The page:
Death toll from Indonesia quake soars past 250; scores more still missing

Dandy Koswaraputra and Pizaro Gozali Idrus
Death toll from Indonesia quake soars past 250; scores more still missing A rescuer walks among the rubble of collapsed buildings during a rescue operation after an earthquake hit Cianjur, in West Java, Indonesia, Nov. 22, 2022,
[Antara Foto/Yulius Satria Wijaya/via Reuters]

The death toll from an earthquake in Indonesia’s West Java province rose to 268, with many of the killed reportedly children who were hit by falling rubble while attending after-school classes, officials said Tuesday.

Around 151 people were still missing after Monday’s 5.6-magnitude quake, which was centered in a town in Cianjur, a regency in densely populated West Java, the country’s disaster management agency said.

“We are trying our best to find all the missing victims,” said Suharyanto, head of the agency.

More than 1,000 people were injured and 58,000 displaced, he said. 

Rescue workers had found 14 bodies buried in a landslide unleashed by the temblor, said Army chief Gen. Dudung Abdurachman, who led soldiers who took part in clearing debris.  

“We are still looking for more victims,” he said.

West Java Gov. Ridwan Kamil said many of the dead were children, who were crushed by falling debris while attending religious classes after school.

“Many children died while they were attending madrassa. After they finished midday prayers and regular school, they attend religious classes,” Ridwan told Vice President Ma’ruf Amin in a video call.

An earthquake of Monday’s magnitude occurs roughly every two decades in that area because of the presence of the so-called Cimandiri fault line in the area, said Dwikorita Karnawati, head of the Meteorological, Climatological and Geophysical Agency (BMKG).

Henri Alfiandi, the head of the National Search and Rescue Agency, said rescue workers struggled to reach villages, some isolated because of landslides and damaged roads.

“There are so many villages to cover,” Henri told reporters. “Some villages are already accessible, but roads are damaged.”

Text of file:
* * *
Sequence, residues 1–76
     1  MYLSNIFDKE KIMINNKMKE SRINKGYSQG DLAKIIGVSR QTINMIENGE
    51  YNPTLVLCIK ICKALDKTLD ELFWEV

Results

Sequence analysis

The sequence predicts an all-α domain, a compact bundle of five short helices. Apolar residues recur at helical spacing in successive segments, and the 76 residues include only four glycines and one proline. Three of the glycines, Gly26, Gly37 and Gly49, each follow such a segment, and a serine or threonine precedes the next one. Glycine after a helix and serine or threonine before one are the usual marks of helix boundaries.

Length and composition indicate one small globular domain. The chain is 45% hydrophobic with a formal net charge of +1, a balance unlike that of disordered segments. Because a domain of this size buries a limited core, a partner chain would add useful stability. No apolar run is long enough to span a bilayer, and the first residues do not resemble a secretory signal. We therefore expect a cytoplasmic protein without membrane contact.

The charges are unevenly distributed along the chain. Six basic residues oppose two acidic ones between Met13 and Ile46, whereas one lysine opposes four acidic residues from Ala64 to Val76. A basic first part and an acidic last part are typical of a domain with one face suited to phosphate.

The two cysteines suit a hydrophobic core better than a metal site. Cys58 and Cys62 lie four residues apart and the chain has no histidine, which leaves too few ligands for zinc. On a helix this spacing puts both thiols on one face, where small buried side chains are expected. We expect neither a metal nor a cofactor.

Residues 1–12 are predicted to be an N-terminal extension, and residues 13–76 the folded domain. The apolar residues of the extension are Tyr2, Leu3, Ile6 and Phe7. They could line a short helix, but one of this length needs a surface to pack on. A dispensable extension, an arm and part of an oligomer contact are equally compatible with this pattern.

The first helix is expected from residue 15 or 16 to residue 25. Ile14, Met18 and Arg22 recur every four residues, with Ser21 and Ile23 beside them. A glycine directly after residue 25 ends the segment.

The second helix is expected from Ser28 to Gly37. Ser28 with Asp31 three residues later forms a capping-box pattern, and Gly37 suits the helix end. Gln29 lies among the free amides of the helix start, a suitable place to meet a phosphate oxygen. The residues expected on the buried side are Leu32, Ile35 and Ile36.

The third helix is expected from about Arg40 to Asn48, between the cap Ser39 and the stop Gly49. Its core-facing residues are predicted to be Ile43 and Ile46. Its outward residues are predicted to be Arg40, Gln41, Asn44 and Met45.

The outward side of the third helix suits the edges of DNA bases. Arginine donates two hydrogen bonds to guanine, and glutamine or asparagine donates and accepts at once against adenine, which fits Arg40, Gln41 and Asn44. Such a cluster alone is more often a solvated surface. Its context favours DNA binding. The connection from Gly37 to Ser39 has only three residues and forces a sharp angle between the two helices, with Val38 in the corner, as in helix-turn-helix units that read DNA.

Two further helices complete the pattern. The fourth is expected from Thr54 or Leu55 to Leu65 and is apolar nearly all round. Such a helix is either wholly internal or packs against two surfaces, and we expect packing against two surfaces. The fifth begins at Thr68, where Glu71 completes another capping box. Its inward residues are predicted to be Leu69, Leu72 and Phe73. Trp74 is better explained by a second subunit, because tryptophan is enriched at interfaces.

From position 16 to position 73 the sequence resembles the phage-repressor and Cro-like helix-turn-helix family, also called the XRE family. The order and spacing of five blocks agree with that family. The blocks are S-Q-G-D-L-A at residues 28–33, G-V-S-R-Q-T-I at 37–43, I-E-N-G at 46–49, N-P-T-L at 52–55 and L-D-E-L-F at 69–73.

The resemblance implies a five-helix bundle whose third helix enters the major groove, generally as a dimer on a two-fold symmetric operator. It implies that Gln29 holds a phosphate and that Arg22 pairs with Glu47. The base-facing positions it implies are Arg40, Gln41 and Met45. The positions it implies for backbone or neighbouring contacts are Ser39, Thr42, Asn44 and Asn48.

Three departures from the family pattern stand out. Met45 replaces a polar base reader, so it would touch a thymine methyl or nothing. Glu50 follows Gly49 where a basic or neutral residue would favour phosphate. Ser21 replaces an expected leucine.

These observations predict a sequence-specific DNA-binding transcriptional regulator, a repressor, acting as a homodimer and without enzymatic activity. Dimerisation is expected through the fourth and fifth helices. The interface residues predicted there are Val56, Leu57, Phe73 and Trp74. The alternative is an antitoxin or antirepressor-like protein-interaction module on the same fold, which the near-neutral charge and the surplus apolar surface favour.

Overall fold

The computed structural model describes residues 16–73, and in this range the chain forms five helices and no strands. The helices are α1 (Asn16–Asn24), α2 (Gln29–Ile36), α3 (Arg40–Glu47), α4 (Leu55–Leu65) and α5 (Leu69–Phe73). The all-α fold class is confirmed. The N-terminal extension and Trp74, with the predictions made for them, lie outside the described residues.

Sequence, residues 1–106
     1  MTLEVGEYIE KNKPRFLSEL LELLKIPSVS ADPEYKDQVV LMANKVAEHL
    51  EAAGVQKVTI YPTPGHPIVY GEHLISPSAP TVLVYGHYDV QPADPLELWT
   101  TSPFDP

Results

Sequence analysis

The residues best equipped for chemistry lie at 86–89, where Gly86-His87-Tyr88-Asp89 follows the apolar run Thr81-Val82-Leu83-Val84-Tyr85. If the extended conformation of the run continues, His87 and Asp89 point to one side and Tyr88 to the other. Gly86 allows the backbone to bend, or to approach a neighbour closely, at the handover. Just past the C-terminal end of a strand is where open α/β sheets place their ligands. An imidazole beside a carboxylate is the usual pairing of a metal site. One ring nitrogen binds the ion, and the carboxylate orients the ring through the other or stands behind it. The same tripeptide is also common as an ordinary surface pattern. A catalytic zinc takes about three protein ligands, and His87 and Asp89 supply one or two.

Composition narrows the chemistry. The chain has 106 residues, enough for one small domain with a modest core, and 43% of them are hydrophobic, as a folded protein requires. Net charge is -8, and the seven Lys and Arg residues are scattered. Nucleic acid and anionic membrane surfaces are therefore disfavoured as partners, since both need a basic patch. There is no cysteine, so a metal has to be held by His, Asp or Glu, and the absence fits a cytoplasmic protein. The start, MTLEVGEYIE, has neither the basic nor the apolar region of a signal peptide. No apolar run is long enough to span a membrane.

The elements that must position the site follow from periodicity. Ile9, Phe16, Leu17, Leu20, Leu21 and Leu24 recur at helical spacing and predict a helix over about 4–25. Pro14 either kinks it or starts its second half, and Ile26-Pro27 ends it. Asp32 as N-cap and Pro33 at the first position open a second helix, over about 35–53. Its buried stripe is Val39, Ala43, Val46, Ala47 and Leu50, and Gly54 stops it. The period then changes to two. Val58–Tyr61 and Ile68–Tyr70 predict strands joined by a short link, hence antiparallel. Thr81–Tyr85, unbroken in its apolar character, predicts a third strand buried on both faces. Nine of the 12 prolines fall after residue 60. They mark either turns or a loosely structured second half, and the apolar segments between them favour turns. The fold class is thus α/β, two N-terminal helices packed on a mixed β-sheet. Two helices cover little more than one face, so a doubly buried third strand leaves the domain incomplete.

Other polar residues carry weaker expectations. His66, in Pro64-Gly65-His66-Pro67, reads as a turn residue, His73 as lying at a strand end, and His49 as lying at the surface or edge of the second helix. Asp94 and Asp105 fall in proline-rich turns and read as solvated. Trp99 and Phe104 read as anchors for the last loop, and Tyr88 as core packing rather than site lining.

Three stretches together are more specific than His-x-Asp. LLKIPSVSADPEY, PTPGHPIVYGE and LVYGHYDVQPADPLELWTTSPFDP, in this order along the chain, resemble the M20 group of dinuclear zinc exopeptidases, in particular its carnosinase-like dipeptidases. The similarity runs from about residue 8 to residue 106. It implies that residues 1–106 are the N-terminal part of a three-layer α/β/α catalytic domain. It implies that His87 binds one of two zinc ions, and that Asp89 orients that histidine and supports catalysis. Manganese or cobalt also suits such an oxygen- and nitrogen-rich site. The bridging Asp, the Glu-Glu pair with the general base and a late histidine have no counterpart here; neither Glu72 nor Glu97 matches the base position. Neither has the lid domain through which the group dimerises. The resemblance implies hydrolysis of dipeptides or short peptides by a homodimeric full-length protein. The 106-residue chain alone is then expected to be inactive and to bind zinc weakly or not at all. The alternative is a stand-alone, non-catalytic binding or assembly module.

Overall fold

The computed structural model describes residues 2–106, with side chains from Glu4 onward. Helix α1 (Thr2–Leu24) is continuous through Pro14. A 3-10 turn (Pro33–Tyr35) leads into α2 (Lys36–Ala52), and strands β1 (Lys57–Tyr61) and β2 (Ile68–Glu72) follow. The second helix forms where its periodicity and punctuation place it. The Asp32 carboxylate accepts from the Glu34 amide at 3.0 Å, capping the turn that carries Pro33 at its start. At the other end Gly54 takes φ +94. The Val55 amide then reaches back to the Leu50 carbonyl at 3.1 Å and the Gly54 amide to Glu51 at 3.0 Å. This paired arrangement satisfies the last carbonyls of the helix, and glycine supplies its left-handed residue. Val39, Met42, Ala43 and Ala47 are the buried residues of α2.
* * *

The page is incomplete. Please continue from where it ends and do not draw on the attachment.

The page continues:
Ishak Wahyudin, 36, a resident of worst-hit Cugenang, said his house was badly damaged by the earthquake.

“The earthquake was strong. When it happened, I was still at work. But when I came home, I found that the walls of my house had collapsed,” he told BenarNews.

“But, thank God, my family are safe because they immediately ran away,” Ishak said.

Ishak said survivors needed medicines and food because many of them were injured.

Meanwhile, President Joko “Jokowi” Widodo visited the quake zone and inspected the devastated areas in Cugenang district. He offered “deep condolences” and promised that the government would help rebuild damaged houses.

“But the most important thing is that the construction of houses affected by this earthquake must adopt earthquake-resistant building standards set by the ministry of public works,” Jokowi told reporters.

Dwikorita, the head of BMKG, said “people who live in landslide-prone areas may have to be relocated to safer areas”

“The BMKG is conducting a survey to identify which areas are relatively safe during an earthquake,” she said.

Cianjur Regent Herman Suherman meanwhile urged people to stay in temporary shelters prepared by the government until their homes were determined to be safe.

“Especially at night, residents in vulnerable spots... to evacuate to tents that have been prepared in open fields close to residents’ settlements or to the evacuation center in Prawatasari Field,” Herman said at a press conference.


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